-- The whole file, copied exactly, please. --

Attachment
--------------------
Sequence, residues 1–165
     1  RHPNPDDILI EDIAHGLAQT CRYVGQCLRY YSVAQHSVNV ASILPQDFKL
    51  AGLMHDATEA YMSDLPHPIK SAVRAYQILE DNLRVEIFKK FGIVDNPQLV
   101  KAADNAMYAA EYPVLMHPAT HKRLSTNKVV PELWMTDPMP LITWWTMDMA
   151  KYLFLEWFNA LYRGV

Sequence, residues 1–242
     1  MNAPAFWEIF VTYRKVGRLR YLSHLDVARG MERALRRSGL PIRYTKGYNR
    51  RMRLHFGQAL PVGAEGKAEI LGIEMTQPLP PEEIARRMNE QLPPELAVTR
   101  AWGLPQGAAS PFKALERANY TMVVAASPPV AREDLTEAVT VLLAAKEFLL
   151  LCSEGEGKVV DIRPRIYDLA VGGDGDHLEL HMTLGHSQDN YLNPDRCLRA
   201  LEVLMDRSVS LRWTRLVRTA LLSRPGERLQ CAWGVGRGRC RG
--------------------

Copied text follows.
Sequence, residues 1–165
     1  RHPNPDDILI EDIAHGLAQT CRYVGQCLRY YSVAQHSVNV ASILPQDFKL
    51  AGLMHDATEA YMSDLPHPIK SAVRAYQILE DNLRVEIFKK FGIVDNPQLV
   101  KAADNAMYAA EYPVLMHPAT HKRLSTNKVV PELWMTDPMP LITWWTMDMA
   151  KYLFLEWFNA LYRGV

Sequence, residues 1–242
     1  MNAPAFWEIF VTYRKVGRLR YLSHLDVARG MERALRRSGL PIRYTKGYNR
    51  RMRLHFGQAL PVGAEGKAEI LGIEMTQPLP PEEIARRMNE QLPPELAVTR
   101  AWGLPQGAAS PFKALERANY TMVVAASPPV AREDLTEAVT VLLAAKEFLL
   151  LCSEGEGKVV DIRPRIYDLA VGGDGDHLEL HMTLGHSQDN YLNPDRCLRA
   201  LEVLMDRSVS LRWTRLVRTA LLSRPGERLQ CAWGVGRGRC RG